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Shooting at Taiwanese church in California that killed 1, wounded 5 investigated as hate crime, FBI says

David Chou, 68, of Las Vegas, was motived by political tensions between China and Taiwan, authorities say.
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A Las Vegas man suspected in Sunday’s shooting that left one person dead and five others injured at a meeting of Asian churchgoers in Southern California was motivated by political tensions between China and Taiwan, authorities said Monday.

David Chou, 68, has been booked into jail on recommended charges of one count of murder and five counts of attempted murder, the Orange County Sheriff’s Department said in a statement.

Kristi Johnson, the assistant director in charge of the FBI’s Los Angeles office, said at a news conference Monday afternoon that a federal hate crimes investigation had been opened against Chou to determine whether additional charges can be brought.

Orange County Sheriff Don Barnes said the briefing that the was shooting “a politically motived hate incident." Barnes said Chou, an U.S. citizen from China, "was upset about political tensions between China and Taiwan."

Chou traveled to Southern California on Saturday before the attack Sunday on the church, where he is accused of securing doors with chains and using glue to disable locks. No connection has been established between Chou and the church or any of its parishioners, Barnes said.

The victim killed in the attack, Dr. John Cheng, 53, of Laguna Niguel, charged the gunman and tried to disarm him, which led to his being fatally shot, Barnes said.

Cheng was a married father of two who was well respected in the field of sports medicine, Barnes said.

"Dr. Cheng is a hero," he said. "It is known that Dr. Cheng charged the individual, the suspect, attempted to disarm him, which allowed other parishioners to then intercede, taking the suspect into custody."

The shooting targeted members of Irvine Taiwanese Presbyterian Church, Barnes said, which shared a space with Geneva Presbyterian Church.

Congregants were celebrating the return of a pastor from a mission to Taiwan, Barnes said.

Barnes added that other congregants, who were elderly, also risked their lives and confronted the gunman, including a pastor who threw a chair at him.

"They acted spontaneously, heroically, and if not for their quick action, the way that this individual set up that environment, to kill many more people, there would have been many, many more lives lost," Barnes said.

Investigators found several bags of ammunition in the church, as well as four Molotov cocktail-type incendiary devices, Barnes said.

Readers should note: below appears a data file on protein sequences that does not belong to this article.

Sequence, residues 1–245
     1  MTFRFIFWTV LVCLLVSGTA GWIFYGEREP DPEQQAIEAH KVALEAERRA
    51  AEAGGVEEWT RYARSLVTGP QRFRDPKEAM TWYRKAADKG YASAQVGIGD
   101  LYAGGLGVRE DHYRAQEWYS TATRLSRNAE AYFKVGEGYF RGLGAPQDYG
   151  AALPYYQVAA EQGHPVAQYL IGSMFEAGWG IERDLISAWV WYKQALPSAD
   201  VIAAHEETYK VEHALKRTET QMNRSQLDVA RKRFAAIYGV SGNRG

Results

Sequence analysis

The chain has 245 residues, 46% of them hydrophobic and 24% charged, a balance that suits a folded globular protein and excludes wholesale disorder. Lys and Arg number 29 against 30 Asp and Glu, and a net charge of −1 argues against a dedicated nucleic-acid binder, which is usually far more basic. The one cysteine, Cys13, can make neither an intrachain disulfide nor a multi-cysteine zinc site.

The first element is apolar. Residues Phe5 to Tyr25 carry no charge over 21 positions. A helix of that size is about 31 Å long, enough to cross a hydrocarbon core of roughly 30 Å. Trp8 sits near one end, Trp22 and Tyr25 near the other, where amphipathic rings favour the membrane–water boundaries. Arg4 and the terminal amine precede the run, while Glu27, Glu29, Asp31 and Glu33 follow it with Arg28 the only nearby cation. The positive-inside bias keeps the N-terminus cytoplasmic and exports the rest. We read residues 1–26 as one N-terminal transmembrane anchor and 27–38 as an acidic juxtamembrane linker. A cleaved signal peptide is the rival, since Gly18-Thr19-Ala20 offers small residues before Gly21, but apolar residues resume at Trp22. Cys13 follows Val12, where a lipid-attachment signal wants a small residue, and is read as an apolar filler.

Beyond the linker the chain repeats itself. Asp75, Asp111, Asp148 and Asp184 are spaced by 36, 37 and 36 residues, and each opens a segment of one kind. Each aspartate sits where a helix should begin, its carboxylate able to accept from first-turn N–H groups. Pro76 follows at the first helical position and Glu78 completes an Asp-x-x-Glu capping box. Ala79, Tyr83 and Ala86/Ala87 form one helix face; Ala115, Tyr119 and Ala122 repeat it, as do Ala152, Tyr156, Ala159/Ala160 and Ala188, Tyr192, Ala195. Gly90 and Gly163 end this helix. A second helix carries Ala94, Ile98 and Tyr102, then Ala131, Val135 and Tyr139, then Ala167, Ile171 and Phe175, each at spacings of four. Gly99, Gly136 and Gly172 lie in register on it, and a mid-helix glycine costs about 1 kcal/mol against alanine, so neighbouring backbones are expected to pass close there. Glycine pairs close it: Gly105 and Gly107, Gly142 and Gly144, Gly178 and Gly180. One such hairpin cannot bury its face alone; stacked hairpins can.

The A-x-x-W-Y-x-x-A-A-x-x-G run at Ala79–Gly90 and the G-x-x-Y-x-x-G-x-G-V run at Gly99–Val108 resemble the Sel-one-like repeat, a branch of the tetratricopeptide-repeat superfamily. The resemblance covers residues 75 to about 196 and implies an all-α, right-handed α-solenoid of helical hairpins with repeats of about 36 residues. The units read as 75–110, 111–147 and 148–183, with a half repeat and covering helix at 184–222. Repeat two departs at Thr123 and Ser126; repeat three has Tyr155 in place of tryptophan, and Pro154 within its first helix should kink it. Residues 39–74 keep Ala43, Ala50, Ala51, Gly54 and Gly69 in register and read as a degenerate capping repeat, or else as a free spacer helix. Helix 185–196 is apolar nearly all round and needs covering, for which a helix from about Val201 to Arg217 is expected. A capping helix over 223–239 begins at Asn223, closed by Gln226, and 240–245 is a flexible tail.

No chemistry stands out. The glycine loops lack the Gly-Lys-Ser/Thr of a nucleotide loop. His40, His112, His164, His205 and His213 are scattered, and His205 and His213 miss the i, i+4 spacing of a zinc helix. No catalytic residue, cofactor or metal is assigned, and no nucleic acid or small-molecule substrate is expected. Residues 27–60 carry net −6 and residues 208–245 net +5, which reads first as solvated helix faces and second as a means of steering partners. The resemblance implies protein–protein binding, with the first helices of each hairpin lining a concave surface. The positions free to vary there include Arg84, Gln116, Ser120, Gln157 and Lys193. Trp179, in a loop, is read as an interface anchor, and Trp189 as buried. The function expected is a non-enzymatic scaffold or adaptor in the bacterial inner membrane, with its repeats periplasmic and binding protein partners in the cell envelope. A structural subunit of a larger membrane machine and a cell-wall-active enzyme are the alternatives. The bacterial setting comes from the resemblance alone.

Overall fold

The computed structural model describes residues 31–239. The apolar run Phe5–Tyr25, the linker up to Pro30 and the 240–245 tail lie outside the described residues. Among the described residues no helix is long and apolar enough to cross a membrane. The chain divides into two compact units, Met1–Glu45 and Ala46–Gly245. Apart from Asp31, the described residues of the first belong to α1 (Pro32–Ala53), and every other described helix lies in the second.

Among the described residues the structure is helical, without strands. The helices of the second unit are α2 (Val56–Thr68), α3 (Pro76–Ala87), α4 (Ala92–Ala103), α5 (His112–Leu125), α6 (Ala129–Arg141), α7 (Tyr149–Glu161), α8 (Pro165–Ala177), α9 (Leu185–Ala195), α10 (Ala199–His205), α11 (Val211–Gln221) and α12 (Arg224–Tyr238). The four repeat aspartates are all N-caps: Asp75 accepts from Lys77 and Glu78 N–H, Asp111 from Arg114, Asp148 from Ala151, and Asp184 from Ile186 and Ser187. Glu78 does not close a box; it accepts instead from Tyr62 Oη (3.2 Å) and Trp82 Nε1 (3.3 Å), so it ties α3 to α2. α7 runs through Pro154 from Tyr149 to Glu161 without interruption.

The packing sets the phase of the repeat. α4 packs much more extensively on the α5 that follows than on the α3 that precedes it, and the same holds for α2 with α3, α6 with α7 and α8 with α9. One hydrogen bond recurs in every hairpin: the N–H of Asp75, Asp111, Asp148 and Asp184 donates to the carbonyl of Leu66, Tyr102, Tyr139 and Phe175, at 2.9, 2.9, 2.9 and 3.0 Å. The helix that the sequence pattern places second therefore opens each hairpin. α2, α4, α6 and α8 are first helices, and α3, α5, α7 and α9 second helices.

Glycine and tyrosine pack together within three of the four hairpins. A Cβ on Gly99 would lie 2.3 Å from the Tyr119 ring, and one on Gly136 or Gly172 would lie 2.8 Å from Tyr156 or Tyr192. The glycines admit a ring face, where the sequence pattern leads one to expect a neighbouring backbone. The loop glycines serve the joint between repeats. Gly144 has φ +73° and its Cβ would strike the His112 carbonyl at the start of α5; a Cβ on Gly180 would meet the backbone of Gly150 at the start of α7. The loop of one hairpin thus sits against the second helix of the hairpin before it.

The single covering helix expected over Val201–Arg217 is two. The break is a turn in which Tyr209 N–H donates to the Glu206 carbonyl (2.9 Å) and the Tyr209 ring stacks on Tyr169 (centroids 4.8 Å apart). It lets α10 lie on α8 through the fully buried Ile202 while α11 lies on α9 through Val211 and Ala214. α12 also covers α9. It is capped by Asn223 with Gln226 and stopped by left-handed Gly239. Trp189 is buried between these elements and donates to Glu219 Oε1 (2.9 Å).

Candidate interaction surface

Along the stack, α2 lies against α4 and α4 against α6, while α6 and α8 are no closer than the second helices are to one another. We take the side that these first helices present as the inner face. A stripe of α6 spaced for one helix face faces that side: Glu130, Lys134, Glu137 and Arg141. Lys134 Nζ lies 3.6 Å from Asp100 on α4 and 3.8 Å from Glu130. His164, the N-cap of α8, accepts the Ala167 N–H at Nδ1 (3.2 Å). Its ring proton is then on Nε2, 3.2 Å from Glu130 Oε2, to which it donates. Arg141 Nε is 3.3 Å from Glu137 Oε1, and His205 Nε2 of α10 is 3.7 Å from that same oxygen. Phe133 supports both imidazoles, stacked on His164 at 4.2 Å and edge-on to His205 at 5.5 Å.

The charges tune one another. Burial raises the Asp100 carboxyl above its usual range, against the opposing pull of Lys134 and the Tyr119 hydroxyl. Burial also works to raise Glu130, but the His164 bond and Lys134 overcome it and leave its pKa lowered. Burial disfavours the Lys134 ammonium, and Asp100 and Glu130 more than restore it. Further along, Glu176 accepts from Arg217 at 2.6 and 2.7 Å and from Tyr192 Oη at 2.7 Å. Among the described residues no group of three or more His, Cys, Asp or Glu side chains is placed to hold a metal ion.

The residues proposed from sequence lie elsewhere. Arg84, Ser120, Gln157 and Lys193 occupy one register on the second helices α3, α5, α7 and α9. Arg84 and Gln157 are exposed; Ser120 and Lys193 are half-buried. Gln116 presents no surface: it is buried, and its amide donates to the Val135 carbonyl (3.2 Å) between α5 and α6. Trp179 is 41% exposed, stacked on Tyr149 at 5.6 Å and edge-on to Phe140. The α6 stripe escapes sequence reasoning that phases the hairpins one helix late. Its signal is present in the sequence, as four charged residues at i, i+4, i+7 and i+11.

Chou has lived in Texas and worked security jobs in Las Vegas, Barnes said. Search warrants have been served at his residence in Nevada and at a vehicle in the church's parking lot, he said.

After Cheng charged him, the gunman was detained by members of the church, who hogtied him with electrical extension cords, the sheriff’s department said.

Stephen Galloway, an assistant special agent in charge with the Bureau of Alcohol, Tobacco, Firearms and Explosives, said two 9 mm semi-automatic pistols were found. Chou bought the guns in Las Vegas in 2015 and 2017.

Investigators said there is no evidence, at this point, that the gunman was working with others. Barnes said Chou had a personal grievance with the Taiwanese community.

Sheriff’s officials said about 40 people who belong to the Taiwanese church were at the facility when gunfire broke out.

The gunfire was reported at 1:26 p.m. in the retirement city of Laguna Woods, about 20 miles southeast of Anaheim, the sheriff’s department said.

Four victims suffered critical injuries, they said.

The sheriff’s department identified the injured victims Sunday night as Asian Americans ages 66 to 92. Four are men.

The victim’s body was discovered at the scene, sheriff’s officials said. All of the surviving victims, including a person with minor injuries, were hospitalized.

Two people admitted to Providence Mission Hospital in Mission Viejo on Sunday were reported to be in good condition Monday, the hospital said in a statement.

Orange County District Attorney Todd Spitzer said Monday at the news conference that he walked through the crime scene — a social hall set up with tables and plastic cups — after the carnage.

He said "evil was in the church" Sunday.

"It was obvious from the scene that they had to get out of there as quickly as possible in an utmost panic," Spitzer said.

Tom Cramer, a co-executive at a network of Orange County Presbyterian churches, the Presbytery of Los Ranchos, said the violence took place during a luncheon honoring a former pastor of the congregation.

The organization “is deeply saddened by a fatal shooting that occurred at a lunch reception,” he said in a statement.

“Please keep the leadership of the Taiwanese congregation and Geneva in your prayers as they care for those traumatized by this shooting.”

Laguna Woods and Laguna Woods Village are relatively exclusive communities for people 55 and older and their companions or loved ones. Large parts of it, including the village, are gated.

The city is composed of single-family homes, town houses and apartment-style residences. It opened as Leisure World in 1964 and became the county’s 32nd city in 1999.

On Friday, police in Dallas said they were looking for a person who might be targeting people of Asian background in a series of shootings.

Three Korean women were injured in a shooting at a hair salon Wednesday. Police Chief Eddie Garcia said the department was investigating the shooting as a hate crime.

Attacks against Asian Americans have skyrocketed in recent years.